Russell's Idealist Apprenticeship
Graduate studies at Western
Clarendon Press (1991)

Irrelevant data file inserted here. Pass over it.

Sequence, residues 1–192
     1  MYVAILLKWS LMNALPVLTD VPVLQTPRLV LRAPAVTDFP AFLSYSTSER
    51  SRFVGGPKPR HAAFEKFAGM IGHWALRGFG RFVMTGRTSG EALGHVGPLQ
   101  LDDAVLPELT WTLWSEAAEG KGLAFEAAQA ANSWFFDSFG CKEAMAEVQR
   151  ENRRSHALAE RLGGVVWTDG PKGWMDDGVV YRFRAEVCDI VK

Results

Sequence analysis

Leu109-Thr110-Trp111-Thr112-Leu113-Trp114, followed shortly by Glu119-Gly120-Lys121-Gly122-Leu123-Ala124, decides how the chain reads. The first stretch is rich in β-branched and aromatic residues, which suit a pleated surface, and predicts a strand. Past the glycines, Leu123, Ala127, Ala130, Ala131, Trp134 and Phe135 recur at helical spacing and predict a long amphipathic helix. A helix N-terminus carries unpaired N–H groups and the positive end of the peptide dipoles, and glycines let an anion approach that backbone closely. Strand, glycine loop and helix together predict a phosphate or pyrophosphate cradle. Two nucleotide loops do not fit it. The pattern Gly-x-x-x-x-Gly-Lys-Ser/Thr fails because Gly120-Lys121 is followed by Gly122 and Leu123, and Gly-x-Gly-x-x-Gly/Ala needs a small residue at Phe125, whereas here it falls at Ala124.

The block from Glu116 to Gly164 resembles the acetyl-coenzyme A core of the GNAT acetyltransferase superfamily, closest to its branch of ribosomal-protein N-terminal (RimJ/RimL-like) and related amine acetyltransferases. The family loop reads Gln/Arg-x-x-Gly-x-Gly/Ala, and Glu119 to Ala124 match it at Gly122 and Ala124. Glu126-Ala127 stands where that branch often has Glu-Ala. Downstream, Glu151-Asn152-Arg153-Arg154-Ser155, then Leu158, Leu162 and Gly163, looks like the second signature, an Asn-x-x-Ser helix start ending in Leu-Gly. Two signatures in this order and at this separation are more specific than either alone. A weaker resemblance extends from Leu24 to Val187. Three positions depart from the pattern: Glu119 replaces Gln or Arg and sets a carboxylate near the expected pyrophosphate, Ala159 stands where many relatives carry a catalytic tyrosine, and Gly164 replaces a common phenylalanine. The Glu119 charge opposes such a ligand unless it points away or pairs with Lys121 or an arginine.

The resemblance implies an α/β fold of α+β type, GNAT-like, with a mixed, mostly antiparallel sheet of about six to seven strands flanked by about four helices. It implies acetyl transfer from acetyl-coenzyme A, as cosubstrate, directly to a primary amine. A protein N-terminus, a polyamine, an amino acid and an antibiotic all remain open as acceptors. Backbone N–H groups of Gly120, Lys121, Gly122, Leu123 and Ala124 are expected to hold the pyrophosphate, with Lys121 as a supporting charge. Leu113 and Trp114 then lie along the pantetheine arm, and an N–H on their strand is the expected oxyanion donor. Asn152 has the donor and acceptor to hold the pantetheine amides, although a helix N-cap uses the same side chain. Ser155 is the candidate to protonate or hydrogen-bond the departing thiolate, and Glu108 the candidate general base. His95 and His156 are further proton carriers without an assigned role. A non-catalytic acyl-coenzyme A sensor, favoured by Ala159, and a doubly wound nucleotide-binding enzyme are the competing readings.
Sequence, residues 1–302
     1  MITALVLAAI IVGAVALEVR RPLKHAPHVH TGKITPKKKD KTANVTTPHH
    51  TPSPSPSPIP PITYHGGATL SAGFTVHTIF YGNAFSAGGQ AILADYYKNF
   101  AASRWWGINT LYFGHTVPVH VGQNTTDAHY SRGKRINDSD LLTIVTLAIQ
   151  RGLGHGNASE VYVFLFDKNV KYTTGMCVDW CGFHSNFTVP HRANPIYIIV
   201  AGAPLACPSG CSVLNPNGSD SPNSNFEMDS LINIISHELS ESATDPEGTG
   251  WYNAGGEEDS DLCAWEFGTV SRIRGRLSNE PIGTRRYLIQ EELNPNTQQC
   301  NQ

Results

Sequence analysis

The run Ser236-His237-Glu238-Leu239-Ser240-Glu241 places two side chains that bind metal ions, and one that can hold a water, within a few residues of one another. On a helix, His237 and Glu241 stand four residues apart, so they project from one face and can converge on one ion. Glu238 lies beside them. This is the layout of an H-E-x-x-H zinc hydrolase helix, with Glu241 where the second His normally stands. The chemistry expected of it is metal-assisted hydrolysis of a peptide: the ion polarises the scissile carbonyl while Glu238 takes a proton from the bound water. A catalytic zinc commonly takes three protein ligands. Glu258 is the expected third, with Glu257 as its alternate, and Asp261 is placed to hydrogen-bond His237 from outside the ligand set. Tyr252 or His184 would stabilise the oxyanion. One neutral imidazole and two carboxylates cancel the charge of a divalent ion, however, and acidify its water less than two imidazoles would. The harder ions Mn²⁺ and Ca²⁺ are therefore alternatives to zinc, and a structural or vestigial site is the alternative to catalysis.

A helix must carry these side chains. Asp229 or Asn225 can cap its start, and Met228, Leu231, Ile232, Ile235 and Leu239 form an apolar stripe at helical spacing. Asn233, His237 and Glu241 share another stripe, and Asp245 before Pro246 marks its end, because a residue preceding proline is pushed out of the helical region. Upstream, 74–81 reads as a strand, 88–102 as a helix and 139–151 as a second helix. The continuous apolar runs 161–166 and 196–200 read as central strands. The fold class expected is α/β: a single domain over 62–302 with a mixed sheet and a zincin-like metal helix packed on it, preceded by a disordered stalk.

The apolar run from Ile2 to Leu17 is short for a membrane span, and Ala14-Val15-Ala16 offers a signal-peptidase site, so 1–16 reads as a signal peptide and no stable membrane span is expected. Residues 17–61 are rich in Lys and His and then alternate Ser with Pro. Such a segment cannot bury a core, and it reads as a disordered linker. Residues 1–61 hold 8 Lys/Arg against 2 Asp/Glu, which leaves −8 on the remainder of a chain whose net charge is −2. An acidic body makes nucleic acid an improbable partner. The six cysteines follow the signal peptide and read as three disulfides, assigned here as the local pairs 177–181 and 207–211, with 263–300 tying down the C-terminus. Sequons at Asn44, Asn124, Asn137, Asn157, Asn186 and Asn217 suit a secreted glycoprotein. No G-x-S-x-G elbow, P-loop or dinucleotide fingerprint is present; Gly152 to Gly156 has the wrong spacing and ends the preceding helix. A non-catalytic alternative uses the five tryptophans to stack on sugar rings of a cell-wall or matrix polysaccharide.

|Abstract||* Two important new books on Russell Modern analytic philosophy was born around the turn of the century, largely through Bertrand Russell's and G. E. Moore's reaction against the neo-Hegelianism which dominated British philosophy in the last decades of the nineteenth century. It is well known that Russell had himself been a neo-Hegelian, but hitherto little has been known about his work during that period. Yet this work was important, not only for Russell's development as a philosopher, but also for the development of analytic philosophy. Based mainly on unpublished papers held in the Bertrand Russell Archives at McMaster University, this book is the first detailed study of this early period of Russell's philosophical career. The first three chapters are concerned with Russell's philosophical education at Cambridge in the early 1890s and his conversion to neo-Hegelianism. The remaining chapters outline his ambitious plans for a neo-Hegelian dialectic of the sciences, and the problems which ultimately led him to reject it.|
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